The tips of my ears trembled in anticipation of the horrible freeze-and-defrost cycle I was sure they'd go through, because I wasn't wearing my fleece headband.

And yet — all I felt was a little shiver. Was there a cruelly cold wind gust lying in wait for me somewhere? Or was I actually dressed appropriately for what my computer said was 21-degree weather?

It seemed so, when the gloves came off at mile one, and the cotton sweatband kept my ears perfectly comfortable. But still, it was below freezing, right?

Tuesday, the phenomenon repeated itself: I saw 30 degrees on the weather widget and tempted fate further. No jacket this time, just a long-sleeved T-shirt; no ear coverings, just a sweatband; and no gloves at all. (A scouting expedition/trip outside to take out the trash persuaded me to leave them behind.)

The past month of Iowa winter had changed me, it turns out. Flaky skin, nosebleeds, frozen thighs and dead iPhone batteries led me to overreact — do I no longer thrive on cooler weather? — and believe I needed spring to arrive posthaste.

But at the same time, it toughened me up. During the nonwinter of 2011-12, I had forgotten the lessons and fortitude I gained during 2009-10 and 2010-11. The winter storms of 2012-13 so far have not just recalled that knowledge, but also built upon it.

That is to say: I didn't just walk outside Sunday and Tuesday and think, "Huh, it doesn't feel like a meat locker with a fan on," I stepped out and thought, "Wow, it feels nice outside."

Twenty-one degrees felt nice — "a great day for a run!" I even declared in a text. My Viking blood* didn't get drained after all.

*My grandpa's cousin was told by a doctor that she had a tendon condition only found in those descended from Vikings. Yes, this may not have come from our common ancestors; no, that doesn't mean I'll stop declaring that I have Viking blood, because they probably still impregnated one of my ancestresses.

Monday, February 4, 2013

It's like being a teenager again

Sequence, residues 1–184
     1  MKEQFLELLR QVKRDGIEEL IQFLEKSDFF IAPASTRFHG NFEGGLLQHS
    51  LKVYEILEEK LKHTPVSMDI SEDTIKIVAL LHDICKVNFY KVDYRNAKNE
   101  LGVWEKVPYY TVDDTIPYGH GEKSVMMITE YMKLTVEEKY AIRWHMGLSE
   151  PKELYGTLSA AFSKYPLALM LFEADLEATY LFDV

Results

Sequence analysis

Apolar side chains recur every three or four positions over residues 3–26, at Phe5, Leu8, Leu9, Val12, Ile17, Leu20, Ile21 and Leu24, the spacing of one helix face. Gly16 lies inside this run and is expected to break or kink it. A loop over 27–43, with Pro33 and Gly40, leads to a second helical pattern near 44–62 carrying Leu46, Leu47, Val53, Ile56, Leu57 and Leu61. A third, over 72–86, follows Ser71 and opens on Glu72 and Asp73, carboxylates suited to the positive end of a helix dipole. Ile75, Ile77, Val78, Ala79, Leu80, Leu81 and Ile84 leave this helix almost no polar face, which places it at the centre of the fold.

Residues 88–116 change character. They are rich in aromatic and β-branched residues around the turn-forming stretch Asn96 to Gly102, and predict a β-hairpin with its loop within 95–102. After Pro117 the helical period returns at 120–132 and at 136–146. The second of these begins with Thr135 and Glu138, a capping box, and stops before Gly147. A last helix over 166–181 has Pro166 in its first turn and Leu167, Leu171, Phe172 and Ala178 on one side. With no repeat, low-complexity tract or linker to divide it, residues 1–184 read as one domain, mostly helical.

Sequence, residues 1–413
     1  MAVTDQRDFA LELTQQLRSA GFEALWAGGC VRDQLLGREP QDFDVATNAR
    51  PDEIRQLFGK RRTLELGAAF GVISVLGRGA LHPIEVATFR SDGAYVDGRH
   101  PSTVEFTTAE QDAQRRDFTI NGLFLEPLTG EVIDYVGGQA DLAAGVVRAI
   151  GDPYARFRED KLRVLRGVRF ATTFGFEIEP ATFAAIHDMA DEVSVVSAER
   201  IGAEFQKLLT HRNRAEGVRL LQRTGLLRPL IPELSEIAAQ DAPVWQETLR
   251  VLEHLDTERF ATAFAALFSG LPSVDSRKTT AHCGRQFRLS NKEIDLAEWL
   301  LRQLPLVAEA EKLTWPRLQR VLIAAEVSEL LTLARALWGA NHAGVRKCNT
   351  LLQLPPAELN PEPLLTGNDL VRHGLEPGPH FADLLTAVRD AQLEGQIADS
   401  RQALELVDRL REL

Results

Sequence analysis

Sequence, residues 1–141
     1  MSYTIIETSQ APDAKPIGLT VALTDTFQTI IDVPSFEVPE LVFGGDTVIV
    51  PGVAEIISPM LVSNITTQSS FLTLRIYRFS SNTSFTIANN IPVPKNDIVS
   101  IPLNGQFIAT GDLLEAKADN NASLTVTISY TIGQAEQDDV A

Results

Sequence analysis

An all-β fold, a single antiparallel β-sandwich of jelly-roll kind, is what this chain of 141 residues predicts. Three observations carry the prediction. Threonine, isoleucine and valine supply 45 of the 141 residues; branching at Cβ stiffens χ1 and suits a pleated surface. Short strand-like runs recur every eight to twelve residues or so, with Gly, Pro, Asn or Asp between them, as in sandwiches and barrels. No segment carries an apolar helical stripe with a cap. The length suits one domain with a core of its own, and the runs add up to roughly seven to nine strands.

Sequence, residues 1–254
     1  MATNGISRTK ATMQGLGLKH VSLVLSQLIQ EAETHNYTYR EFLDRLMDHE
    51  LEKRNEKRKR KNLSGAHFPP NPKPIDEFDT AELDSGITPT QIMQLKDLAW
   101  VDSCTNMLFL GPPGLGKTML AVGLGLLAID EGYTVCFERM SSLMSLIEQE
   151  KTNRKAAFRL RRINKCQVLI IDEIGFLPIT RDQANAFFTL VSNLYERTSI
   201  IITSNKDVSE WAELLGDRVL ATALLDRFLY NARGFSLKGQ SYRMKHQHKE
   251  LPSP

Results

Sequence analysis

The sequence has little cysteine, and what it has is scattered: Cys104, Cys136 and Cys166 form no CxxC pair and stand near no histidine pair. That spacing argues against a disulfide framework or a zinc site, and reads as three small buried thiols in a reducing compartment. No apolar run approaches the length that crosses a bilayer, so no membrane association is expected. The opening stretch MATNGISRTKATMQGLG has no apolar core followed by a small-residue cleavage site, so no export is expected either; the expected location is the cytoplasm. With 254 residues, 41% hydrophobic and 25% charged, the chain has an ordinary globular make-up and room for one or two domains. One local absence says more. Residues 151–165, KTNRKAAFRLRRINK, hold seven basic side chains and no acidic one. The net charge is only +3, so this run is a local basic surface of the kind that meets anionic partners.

I think I'm in my running adolescence.

It's been more than four years since I went on my first run that wasn't hustling through a parking lot to avoid inclement weather, and this spring will mark four full years of regularly running.

Have I improved physically? Yes. Have I improved mentally as well? Yes. But do I still whiff on good decision-making sometimes? Oh, heck yes.

It's like being a teenager again: I think I'm smarter than I really am, then find out through mishaps that I should've maybe thought that move over a little bit more.

Consider the past week-plus in running for me, and you'll see what I mean.

Good decision: Baking cookies before going to the apartment of a friend who was going to serve me delicious homemade soup, two Sundays ago.

Bad decision: Skipping a run to make those cookies, "because of the ice," which turned out to only exist on the first yard of sidewalk leading out of my apartment building.

Good decision: Listening to my body and taking Wednesday off.

Bad decision: Listening to my whiny mind and relaxing Wednesday morning, the last time for a couple of days that it wouldn't be slick and/or horrifically cold.

Good decision: Doing laundry Thursday, a dangerously cold day, instead of running. Carrying baskets of clothes up and down stairs counts as cross-training, right?

Bad decision: Doing laundry Thursday instead of running, but doing so after an hour-plus of errands, only to come back and find one lady repeatedly washing the same load, even though she saw me waiting at least twice for a washer to open.

Thankfully a different neighbor decided her second load of laundry was too small to be worth it, and instead of using both remaining washers, she gave me one.

Good decision: Adjusting my expectations for Friday's run to the conditions. Race pace, not to mention intervals, was not going to happen on a single-digit day and slightly snowy/icy sidewalks.

Bad decision: Not wearing yoga pants over my tights Friday and leaving the balaclava at home. I applied the winter sunblock my dad gave me to my face, except apparently my upper lip, which did feel a little tender for the next 12 hours.

And to end it on a high note, here's a good decision/better decision scenario: For my Super Bowl Sunday five-miler — a balmy 21 degrees! — I left the fleece ear warmer behind, which was pretty apparently the right choice.

But the even better choice was to realize that my knit sweatband could be pulled over the tips of my ears, rather than tucked behind them, when the wind came through.